Don’t Judge a Book by it’s Cover!

A library in which you can borrow a speaking book. Not only a dream of every fairy tale fan, but also a project to reduce stereotypes, prejudices and discrimination while supporting dialogue and understanding.

The wish which a lot of us had already: a book that speaks to us through it’s pages. We saw it in Harry Potter where the newspapers were more vivid then our imagination and the pictures in it moved and told the latest news. We saw it in Inkheart in which the book when read out loudly, by people with a special gift, became reality. You might connect those and many more associations with the term living library. And I can tell you that all of your ideas fit, at least to some degree.

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Photo: Mátyás Szöllősi

The term Living Library is a metaphor for a method firstly used in Denmark in the year 2000 by a youth group called “Stop The Violence”, where it was performed during a music festival. In Budapest the organisation Azert7 adopted this method while still keeping the goals the same. “Living Library is a method created to promote respect, dialogue and challenge stereotypes and discrimination between different social groups” says Magdalena Sitarek, one of the main person responsible for the project.

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Magdalena Sitarek (Photo: Mátyás Szöllősi)

And all that works without what a normal library would need tons of: books. The Living Library is a metaphor in which the books are replaced by humans who have fascinating stories to tell. Instead of borrowing a book, you get the chance to have an honest conversation about various topics while you witness someone’s story. The topics are as diverse as you can imagine. But all of them have something in common: they are related to social groups who have to face stereotypes and discrimination.

You might ask yourself: “This sounds great, but how does it work?” To answer this question we will visit the last Living Library I attended in the beginning of April.

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Kazinczy Living Library (Photo: Mátyás Szöllősi)

The Living Library follows the concept of a real library. But a big difference you will immediately notice is the location. The Kazinczy Living Library is held in Kazinczy utca 14 or better known as the most popular ruin pub in Budapest: Szimpla Kert. When you enter Szimpla you will arrive at the registration table. Similar to a real library you have to give general information like name, age, nationality etc. to register. With filling out the form you also ensure, that you will not harm the book and return the “book” in the same condition as you received it. You should respect the feelings of the person you’re facing and basically treat him the way you would want someone to treat you.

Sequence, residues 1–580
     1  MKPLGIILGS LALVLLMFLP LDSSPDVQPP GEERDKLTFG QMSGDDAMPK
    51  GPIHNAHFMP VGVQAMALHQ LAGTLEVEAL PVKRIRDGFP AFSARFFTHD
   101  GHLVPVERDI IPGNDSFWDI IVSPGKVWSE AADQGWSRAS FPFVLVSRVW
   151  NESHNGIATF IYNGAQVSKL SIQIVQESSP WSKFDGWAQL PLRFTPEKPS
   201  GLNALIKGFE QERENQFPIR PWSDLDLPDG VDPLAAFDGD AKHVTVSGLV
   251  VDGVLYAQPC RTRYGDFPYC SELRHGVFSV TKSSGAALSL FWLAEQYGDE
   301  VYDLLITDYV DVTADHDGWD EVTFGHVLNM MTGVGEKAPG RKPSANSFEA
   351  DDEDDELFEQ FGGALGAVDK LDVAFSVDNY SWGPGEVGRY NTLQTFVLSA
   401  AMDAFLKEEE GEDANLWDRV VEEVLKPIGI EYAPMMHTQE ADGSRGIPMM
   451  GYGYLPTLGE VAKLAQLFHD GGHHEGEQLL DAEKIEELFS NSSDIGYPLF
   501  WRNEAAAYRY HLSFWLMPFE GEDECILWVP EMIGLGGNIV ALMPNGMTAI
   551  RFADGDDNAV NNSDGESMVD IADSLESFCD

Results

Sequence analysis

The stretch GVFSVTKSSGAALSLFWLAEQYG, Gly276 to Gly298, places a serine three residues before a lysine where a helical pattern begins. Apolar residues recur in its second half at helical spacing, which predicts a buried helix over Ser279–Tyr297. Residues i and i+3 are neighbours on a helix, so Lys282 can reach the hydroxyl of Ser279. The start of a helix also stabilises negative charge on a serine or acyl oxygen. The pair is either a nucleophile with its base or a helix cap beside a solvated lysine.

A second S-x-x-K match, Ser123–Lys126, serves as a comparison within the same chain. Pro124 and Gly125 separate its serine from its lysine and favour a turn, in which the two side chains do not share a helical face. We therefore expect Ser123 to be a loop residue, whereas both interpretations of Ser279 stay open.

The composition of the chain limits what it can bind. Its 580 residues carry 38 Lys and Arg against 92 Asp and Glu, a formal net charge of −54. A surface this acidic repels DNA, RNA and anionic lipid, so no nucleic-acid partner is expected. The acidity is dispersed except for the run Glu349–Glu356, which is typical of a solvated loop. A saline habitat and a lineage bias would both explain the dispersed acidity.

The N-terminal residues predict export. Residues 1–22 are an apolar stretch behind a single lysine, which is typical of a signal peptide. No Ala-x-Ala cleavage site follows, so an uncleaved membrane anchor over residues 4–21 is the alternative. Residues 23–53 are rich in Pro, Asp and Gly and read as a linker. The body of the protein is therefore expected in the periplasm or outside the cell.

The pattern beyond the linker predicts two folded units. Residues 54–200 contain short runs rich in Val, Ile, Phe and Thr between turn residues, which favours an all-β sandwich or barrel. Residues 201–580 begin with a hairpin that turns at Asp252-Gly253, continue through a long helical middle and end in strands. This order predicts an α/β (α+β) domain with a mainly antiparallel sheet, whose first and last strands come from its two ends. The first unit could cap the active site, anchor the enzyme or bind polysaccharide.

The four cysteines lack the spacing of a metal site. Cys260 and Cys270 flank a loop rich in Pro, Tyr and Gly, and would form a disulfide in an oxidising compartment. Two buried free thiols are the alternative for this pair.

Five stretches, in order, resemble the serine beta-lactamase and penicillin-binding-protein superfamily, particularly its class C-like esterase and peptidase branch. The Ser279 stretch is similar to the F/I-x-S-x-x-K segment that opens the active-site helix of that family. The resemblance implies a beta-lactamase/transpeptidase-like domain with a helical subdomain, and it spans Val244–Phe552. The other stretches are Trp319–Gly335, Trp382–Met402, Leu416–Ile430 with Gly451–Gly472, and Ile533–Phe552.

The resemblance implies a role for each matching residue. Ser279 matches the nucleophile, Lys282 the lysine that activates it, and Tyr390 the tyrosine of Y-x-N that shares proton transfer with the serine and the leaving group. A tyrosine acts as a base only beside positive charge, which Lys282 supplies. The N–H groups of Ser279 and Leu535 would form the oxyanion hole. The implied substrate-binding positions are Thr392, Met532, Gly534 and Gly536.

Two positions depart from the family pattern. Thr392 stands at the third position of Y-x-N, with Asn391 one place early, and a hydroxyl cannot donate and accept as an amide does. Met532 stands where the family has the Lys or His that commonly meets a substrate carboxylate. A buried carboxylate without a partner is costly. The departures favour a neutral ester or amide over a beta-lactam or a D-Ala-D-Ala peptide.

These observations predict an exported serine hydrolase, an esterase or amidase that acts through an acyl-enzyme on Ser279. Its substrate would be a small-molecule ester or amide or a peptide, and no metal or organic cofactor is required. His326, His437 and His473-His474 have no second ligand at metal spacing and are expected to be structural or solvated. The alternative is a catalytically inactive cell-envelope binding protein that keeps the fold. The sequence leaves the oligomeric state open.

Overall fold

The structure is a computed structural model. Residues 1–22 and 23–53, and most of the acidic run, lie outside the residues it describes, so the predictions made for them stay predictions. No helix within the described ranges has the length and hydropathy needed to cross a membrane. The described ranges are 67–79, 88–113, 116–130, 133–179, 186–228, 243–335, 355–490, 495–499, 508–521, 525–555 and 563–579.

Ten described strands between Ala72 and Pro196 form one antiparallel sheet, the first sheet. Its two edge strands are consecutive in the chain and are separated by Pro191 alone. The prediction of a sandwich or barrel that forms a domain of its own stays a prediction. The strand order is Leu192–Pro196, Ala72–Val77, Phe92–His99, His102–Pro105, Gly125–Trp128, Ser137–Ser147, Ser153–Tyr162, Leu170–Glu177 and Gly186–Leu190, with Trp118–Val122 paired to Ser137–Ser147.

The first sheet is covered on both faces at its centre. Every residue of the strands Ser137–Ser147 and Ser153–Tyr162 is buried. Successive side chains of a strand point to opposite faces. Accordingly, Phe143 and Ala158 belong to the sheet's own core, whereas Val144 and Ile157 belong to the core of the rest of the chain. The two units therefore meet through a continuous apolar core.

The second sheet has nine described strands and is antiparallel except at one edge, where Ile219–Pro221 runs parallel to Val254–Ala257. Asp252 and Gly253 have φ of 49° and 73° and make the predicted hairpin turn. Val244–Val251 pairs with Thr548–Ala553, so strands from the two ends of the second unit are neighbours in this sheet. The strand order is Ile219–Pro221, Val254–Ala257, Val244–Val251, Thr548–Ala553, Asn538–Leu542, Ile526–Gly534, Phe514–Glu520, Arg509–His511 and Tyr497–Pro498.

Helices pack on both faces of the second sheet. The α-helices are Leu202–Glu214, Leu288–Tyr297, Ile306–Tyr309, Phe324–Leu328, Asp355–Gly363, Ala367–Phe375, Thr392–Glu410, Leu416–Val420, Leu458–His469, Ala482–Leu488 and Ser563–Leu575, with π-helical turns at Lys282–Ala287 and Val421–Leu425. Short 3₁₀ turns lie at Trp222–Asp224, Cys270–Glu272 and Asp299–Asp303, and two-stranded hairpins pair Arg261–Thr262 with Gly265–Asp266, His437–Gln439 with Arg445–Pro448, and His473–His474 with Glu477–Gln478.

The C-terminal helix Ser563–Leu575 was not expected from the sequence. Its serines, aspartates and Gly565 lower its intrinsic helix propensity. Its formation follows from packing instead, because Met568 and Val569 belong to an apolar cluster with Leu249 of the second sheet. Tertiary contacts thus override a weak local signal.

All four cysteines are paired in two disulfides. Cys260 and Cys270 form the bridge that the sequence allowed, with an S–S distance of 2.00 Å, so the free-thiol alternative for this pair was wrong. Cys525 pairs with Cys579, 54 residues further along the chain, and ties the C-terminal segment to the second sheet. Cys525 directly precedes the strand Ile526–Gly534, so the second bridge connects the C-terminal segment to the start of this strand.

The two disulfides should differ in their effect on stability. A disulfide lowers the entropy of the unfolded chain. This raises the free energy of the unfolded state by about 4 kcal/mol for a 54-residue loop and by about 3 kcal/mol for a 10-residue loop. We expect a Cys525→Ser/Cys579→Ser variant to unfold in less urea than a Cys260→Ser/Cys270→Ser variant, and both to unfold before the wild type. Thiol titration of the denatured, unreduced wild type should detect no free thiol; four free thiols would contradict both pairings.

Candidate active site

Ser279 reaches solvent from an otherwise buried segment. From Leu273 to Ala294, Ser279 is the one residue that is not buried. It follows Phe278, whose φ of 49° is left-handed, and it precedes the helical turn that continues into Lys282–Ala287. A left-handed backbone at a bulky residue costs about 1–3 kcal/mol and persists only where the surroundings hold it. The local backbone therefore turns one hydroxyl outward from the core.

After registration the reader needs a little bit of help, to find the book he or she wants to read. This help is provided at the information table. You can find a short summary of all books put together in a folder and sorted by various topics. The topics included are migration, LGBT (lesbian, gay, bisexual and transgender), homelessness, religion and many more. The summaries are written by the books themselves and translated into English in case they “only” speak Hungarian.

Furthermore, the infotable also provides visitors with information about NGOs (Non Governmental Organisations) who are directly involved and in some way represented in the event. Many of the “books” are active citizens of our society and also fight against discrimination and stereotypes in NGOs.

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Photo: Mátyás Szöllősi

We take a folder and sit down. While reading through the summaries we encounter a lot of interesting stories. We read about an Indian guy called Ramir who is traveling the world with his family, works in a multinational company, and had to break through the stubborn boundaries of his culture to marry the love of his life.

We keep reading and find a story about Anna “the Jewish girl” who is the daughter of two Holocaust survivors and lives the Jewish culture in a different way you would expect.

For the next summary we have to double check the text before we believe what we read. A woman called Csurika who shoveled coal in a factory as a 14-year-old child, was homeless for a long time and nowadays distributes the homeless newspaper.

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Photo: Mátyás Szöllősi

Then we read about Arkadiusz born in Poland: he moved to Budapest in 2001 where he met his boyfriend, and since 2009 they have been quasi married and have been raising a kid as “replacing fathers”.

We have the agony of decision now and have to choose one “book” we want to read first. Therefore, we have to move on to the subscription table where we can rent a book.

And which one is the first to be read? You can find out from our next article.

Felix Müller
EVS volunteer at the Charity Service of the Order of Malta